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The "Janus Project"
August 31, 2006
The "Janus Project" is the brainchild of Kyle Williams of the Janus Wireless Security Research Group in Portland, Oregon.
Mounted inside an epoxy and silicone-sealed watertight case lives a 1.5GHz C7 powered EPIA EN 15000G motherboard, 2 x four-port PCI to mini-PCI adapters, 8 x 802.11a/b/g mini-PCI WLAN Modules, 2 x 1W 2.4Ghz WLAN amplifiers, a keyboard and a 17in LCD screen. The system can scan up to 300 wireless networks simultaneously, storing and AES encrypting in real time all the data onto its 20GB hard drive.
By focusing all 8 WLAN cards onto an access point and using a combination of common Linux tools, the Janus Project can crack a WEP key in under 5 minutes. WPA and WPA2 encryption aren't far behind - Kyle and his friend Martin Peck are optimising the software to use the Padlock hardware acceleration of the C7 chip to crack those too.
If Kyle gets captured in enemy territory and tortured, an "Instant Off" switch will render the captured data useless until a password is entered and a USB stick containing a 2000-bit passkey is inserted. Presumably during the torturing process.
The Janus Project (Tom's Hardware)
A Couple of New Features
August 15, 2006
We've let our pet programmer loose from his darkened underground pit for a few hours and added a couple of features to the site. It's now possible to email any story to a friend using the imaginatively named 'Email this' link underneath it. There's also a section on the right of each page showing the most popular projects viewed in the past 24 hours, with a wee explanatory bar graph showing relative popularity. The graph updates every few minutes. Clicking refresh in your browser won't increase its vote though - we're counting independent views here. So now you know. You lucky people.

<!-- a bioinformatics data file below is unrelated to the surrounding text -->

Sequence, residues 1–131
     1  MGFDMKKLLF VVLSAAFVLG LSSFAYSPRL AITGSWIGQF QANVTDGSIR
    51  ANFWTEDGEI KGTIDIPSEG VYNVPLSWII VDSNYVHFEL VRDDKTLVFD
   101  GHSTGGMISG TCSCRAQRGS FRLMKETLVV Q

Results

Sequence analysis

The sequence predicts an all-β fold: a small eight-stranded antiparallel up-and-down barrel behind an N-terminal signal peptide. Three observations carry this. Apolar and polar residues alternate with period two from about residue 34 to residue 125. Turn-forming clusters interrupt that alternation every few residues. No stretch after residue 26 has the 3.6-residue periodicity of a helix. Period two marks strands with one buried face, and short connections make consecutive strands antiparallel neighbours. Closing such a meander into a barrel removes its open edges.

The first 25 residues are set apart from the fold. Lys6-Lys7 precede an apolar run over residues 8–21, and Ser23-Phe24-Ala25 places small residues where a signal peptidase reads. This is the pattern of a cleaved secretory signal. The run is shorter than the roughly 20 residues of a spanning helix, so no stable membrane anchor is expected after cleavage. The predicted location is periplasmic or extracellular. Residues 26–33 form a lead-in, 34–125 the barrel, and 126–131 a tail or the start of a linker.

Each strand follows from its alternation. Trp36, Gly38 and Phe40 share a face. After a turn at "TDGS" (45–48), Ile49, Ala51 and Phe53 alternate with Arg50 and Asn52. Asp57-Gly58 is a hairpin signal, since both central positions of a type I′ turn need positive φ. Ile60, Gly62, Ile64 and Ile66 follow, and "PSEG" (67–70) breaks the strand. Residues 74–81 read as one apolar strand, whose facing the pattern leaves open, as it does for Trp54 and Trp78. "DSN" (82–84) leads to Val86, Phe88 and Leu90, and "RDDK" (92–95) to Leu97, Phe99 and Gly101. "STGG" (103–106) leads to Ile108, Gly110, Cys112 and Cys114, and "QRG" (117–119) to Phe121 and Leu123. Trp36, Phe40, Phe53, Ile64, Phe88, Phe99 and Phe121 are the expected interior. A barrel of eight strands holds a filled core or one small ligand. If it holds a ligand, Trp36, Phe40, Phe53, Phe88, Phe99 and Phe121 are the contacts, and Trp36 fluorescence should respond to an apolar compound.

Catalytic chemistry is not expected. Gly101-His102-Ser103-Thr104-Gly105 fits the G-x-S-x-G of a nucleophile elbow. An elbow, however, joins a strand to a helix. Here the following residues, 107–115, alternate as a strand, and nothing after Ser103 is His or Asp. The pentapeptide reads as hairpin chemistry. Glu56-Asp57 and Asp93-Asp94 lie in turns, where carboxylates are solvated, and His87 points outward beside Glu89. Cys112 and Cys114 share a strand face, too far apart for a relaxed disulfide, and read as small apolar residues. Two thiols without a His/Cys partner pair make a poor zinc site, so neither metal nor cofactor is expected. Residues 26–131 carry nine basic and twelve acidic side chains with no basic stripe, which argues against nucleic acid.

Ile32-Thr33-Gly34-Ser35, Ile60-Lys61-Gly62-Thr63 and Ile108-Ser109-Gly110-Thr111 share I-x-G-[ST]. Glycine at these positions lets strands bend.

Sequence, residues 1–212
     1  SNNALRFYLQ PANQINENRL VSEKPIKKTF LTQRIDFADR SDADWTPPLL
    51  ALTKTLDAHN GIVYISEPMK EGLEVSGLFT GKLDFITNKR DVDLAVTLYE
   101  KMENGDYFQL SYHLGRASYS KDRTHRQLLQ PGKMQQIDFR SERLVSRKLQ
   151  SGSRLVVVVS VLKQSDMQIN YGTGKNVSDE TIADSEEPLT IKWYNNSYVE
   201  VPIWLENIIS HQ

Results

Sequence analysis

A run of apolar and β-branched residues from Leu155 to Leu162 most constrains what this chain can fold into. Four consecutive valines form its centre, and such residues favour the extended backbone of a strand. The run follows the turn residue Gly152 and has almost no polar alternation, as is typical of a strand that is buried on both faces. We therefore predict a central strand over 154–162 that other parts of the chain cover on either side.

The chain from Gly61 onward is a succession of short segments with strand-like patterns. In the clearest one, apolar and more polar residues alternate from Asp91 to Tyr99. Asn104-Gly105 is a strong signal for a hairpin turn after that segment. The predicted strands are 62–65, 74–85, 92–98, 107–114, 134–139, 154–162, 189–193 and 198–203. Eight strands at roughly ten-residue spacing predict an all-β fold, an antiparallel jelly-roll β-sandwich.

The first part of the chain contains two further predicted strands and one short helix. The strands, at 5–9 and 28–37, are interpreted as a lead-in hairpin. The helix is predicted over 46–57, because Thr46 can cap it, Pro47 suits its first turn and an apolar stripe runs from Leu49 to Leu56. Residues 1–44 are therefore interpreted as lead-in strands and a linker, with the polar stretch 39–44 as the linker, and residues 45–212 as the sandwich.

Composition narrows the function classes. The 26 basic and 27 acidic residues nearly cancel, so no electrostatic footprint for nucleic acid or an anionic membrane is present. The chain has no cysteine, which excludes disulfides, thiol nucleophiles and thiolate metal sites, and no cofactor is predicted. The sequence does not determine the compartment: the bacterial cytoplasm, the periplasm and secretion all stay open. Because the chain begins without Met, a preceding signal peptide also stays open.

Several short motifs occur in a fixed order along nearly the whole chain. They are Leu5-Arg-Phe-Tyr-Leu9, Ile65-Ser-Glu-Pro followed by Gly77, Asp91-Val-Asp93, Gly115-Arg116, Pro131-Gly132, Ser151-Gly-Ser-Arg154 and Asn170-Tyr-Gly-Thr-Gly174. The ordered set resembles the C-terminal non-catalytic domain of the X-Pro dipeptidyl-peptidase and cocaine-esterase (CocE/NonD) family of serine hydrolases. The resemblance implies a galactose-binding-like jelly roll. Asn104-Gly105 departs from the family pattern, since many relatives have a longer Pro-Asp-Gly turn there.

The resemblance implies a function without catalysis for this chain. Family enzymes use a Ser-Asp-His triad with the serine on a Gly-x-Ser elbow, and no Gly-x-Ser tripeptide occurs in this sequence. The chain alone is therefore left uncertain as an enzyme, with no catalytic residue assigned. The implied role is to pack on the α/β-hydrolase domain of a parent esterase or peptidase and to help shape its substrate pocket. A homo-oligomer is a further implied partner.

Update: Our popularity experiment has had an interesting (but perhaps inevitable) side effect. The top 5 projects are now over twice as popular as the nearest competitors...
The "Leela PC"
August 05, 2006
Jan Erik Vangen wrestled with his conscience before producing a Futurama-themed follow up to his very popular Bender PC, but he figured if nobody else was going to do it he might as well.
Leela is fully Mini-ITX powered, has a working webcam in her eye - and a USB thumbdrive in her... thumb.
Jan Erik Vangen's "Leela PC"
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